The Church of the Nazarene’s board of General Superintendents issued a statement on Sunday in response to President Donald Trump’s executive order to suspend new-refugee admissions. The statement urged all governments, including the United States, to put in place systems where refugees could find safety.
“We urge the President of the United States, Congress, and other state departments to make this temporary order a matter of urgency so that the United States may continue to be known as a nation of compassion and hospitality to those who are oppressed, vulnerable, and marginalized.”
Trevecca officials echoed a similar sense of urgency after the election in November 2015 when they urged students and faculty to welcome diversity and show love to the undocumented and marginalized. University chaplain, Shawna Gaines said their mission hasn’t changed.
“This does not need to be a political issue for us… It’s about a love we have for displaced people that goes all the way back to Jesus,” she said. “We can essentially continue being the people God called us to be — with respect to our government leaders and neighbors — but we don't stop pouring out love for refugees.”
Several Trevecca students are already involved with the refugee crisis through the Urban Farm, Center for Social Justice, or refugee outreach programs such as the one at Nashville First Church of the Nazarene.
Gaines said that changes in Serbia’s refugee laws resulted in the cancellation of a TAG trip there. The students are now being sent to Croatia instead to work with refugees along with several other groups of people.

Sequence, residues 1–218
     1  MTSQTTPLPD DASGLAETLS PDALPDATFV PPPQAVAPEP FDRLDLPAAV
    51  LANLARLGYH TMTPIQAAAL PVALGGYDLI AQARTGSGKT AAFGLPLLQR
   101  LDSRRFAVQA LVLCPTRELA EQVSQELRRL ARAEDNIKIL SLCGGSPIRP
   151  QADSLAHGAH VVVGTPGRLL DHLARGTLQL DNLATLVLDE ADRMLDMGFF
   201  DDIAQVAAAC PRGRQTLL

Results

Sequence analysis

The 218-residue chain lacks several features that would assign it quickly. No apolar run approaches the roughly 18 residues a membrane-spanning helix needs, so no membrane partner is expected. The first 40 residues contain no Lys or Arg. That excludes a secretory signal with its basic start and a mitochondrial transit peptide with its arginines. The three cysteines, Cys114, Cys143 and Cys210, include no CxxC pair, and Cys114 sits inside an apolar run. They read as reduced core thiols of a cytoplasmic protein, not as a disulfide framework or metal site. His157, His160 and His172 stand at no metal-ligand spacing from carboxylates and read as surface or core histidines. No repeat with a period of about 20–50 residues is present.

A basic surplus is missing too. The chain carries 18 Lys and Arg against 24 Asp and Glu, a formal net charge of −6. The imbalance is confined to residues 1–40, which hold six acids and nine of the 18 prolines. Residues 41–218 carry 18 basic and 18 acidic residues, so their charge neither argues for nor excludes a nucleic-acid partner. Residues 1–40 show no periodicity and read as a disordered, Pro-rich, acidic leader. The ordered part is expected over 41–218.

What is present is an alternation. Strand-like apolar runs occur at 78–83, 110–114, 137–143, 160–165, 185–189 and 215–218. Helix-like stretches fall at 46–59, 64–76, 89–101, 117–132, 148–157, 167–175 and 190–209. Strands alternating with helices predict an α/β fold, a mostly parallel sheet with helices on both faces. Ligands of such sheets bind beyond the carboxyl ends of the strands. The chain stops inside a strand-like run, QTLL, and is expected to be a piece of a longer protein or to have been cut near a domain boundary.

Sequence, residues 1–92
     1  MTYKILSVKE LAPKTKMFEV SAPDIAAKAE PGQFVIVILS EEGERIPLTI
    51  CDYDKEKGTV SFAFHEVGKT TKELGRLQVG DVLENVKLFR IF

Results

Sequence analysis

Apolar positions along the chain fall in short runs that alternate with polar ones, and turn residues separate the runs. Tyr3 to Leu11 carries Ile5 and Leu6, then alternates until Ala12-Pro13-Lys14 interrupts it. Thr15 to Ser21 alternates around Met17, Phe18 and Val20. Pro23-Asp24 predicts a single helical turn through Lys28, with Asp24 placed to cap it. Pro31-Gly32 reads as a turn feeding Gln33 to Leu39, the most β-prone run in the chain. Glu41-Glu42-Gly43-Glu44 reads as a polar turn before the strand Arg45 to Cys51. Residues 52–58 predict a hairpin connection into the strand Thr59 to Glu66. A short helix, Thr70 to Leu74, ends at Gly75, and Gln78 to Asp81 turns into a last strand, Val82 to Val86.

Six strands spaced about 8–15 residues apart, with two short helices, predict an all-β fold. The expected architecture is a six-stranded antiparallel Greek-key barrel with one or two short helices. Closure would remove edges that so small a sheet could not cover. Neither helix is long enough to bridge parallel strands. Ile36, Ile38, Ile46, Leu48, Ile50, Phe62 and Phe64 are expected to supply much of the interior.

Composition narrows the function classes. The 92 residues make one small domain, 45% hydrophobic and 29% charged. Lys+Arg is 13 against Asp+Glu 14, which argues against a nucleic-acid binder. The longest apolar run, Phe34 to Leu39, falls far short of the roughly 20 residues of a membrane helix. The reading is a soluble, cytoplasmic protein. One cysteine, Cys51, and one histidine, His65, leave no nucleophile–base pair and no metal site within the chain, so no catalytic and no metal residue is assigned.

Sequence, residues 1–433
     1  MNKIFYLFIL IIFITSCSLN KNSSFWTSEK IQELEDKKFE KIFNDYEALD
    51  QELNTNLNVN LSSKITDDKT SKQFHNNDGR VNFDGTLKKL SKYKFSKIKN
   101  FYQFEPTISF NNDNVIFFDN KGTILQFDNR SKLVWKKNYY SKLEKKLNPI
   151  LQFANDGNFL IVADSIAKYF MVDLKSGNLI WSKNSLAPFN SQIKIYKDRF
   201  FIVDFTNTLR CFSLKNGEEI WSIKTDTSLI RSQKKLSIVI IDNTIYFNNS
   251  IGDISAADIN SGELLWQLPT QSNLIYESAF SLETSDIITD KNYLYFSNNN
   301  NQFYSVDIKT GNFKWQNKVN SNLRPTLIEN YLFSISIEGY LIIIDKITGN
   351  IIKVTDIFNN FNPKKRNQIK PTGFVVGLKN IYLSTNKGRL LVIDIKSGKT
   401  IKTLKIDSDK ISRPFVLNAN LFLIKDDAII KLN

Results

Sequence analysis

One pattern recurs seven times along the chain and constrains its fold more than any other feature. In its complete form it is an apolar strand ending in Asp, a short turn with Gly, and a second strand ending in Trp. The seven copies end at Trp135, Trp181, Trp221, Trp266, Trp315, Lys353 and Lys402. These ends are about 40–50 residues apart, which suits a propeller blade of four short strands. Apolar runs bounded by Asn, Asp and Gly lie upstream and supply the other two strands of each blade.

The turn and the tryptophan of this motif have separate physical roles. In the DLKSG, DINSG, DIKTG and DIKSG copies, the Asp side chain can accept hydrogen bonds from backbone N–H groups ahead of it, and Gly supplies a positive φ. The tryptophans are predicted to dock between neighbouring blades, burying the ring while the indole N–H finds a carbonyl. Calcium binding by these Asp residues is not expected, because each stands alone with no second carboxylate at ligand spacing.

“We have to be able to change along with and respond to the changes that are ever present with ministering to refugees,” said Gaines.
As far as what can be done right now, Gaines said the best thing to do is listen.
“A lot of people feel a sense of wanting people to desperately know that they’re grateful their here but they don’t know how to do that,” she said. “This might be a great time for us to be intentional about reaching out to people who come from different cultural contexts and start asking better questions and listening better. We want to build the kind of relationships where people feel secure.”
Advice from the Board of General Superintendents:
▪ Treat immigrants with love, respect, and mercy.
▪ Participate sacrificially in local, national, and global compassionate ministry responses to assist refugees and immigrants.
▪ Encourage their respective governments to approve equitable laws that will allow for family reunification, legal work permits for productive immigrants in the workforce, and pathways for undocumented immigrants to be able to obtain authorized immigrant status.
▪ Follow the clear biblical mandate to love, welcome, assist, evangelize, and disciple the immigrants near us.